New Delhi: The border tensions between India and China have flared up once again in the last one week with several troops from both sides left injured following fist fights and stone-pelting in the Ladakh and North Sikkim regions. While the situation in Sikkim is said to have been “resolved”, official “disengagement” has taken place in Ladakh, even though additional troops have been pressed in.
Army sources told ThePrint that the incident in Ladakh happened on the evening of 5 May, near the northern banks of the 134-km Pangong Tso lake. A similar clash took place in the region in September 2019 too.
Two-thirds of the lake, which extends from Tibet to Ladakh, is controlled by China.
The sources said the Chinese objected to the presence of Indians in the disputed area, and an argument quickly took the shape of a brawl with the Indians standing their ground. The soldiers indulged in a “fist fight and stone pelting”, which led to half a dozen injuries on the Indian side, including that of a young officer, the sources said, adding there were several injuries on the Chinese side too.
Situation is ‘under control’ now
The official “disengagement” in Ladakh happened on 6 May after formation commanders spoke to each other. However, the sources said, the matter has been noted for the next formal discussions between higher military authorities on both sides. They added that the situation is under control now.
Though the disengagement has happened, additional forces have been brought in to ensure no more violence takes place. Since ‘Operation Juniper’ — when Indian troops moved into Doklam, a small territory in Bhutan, to stop the Chinese army from constructing a road that threatens India’s strategic interests — India has increased focus on its northern and eastern boundaries than being purely Pakistan centric.
Army Chief Gen M.M. Naravane had said the force was “re-balancing” its deployment and strategy along the western, northern and northeastern borders to deal with any kind of threat that might emerge — be it from Pakistan or China. While disengagement happened in Doklam, both sides have continued with their build-up a few metres away from their face-off location.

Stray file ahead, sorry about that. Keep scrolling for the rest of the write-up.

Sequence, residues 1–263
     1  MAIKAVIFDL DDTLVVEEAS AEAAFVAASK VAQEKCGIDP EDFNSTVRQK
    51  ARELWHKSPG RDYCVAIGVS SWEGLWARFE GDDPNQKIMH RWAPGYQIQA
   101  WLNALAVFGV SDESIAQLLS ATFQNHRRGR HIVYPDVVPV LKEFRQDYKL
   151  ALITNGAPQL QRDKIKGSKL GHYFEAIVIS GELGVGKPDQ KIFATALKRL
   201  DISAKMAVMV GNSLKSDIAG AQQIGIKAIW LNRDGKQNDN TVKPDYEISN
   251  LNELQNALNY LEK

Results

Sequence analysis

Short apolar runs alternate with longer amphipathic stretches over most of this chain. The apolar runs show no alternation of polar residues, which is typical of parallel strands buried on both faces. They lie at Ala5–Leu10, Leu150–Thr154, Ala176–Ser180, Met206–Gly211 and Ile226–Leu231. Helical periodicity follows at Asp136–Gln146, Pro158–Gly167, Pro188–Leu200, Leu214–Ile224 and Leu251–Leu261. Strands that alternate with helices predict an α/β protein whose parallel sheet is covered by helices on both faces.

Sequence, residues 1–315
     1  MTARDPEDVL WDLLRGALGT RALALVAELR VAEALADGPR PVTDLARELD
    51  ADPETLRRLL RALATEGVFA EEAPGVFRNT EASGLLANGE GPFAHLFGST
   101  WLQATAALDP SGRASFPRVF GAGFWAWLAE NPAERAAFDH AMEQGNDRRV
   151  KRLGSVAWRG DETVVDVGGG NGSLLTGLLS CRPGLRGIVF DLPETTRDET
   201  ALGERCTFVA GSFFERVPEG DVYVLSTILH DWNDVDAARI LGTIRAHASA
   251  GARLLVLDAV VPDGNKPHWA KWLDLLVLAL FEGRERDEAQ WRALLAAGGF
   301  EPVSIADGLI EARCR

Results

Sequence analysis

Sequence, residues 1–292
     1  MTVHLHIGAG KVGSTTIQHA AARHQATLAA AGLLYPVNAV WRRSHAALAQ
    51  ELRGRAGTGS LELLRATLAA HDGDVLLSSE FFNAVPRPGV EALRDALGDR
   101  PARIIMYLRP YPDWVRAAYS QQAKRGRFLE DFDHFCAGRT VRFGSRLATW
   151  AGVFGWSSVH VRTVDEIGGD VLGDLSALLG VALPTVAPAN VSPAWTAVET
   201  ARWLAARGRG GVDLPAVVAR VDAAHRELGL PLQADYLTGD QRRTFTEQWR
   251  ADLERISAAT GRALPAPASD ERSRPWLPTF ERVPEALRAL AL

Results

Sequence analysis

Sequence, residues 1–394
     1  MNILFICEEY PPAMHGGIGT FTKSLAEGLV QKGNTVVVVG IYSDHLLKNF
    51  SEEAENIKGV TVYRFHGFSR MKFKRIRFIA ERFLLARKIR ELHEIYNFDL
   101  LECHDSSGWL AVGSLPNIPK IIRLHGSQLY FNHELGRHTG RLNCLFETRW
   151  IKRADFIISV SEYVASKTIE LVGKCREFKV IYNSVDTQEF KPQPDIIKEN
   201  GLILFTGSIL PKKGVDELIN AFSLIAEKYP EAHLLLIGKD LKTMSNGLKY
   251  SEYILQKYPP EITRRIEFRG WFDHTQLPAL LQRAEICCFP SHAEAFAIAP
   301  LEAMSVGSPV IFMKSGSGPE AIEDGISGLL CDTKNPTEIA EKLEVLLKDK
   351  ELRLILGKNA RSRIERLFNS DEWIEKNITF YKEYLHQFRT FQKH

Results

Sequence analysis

The area was witness to a similar incident in September last year. The incident had rung alarm bells in the defence circles in New Delhi as it came just a month ahead of Chinese President Xi Jinping’s scheduled visit to India for an informal summit with Prime Minister Narendra Modi. To prevent the situation from spiralling into a major confrontation, the Army activated the established bilateral mechanism for defusing such situations.
Face-off near Sikkim’s Naku La
Meanwhile, at least 12 Indian and Chinese soldiers were injured in stone pelting and fist fight along the Line of Actual Control in North Sikkim Saturday after a patrol party of the People’s Liberation Army (PLA) personnel was stopped.
Army sources said the intense stand-off was later resolved with the intervention of officers at the local Command level. The confrontation happened near the Naku La sector, a pass at a height of more than 5,000 metres.
A patrol party of the PLA came across Indian soldiers in an area they consider Chinese territory. This led to the face-off and more troops were called in, sources said.
They added that the soldiers exchanged blows with each other besides pelting stones in which some of them were injured.
“There was aggressive behaviour and minor injuries on both sides. Both sets of soldiers disengaged after local level interaction and dialogue. The issue was solved through established protocols for such issues,” a source in the Army Headquarters here said.
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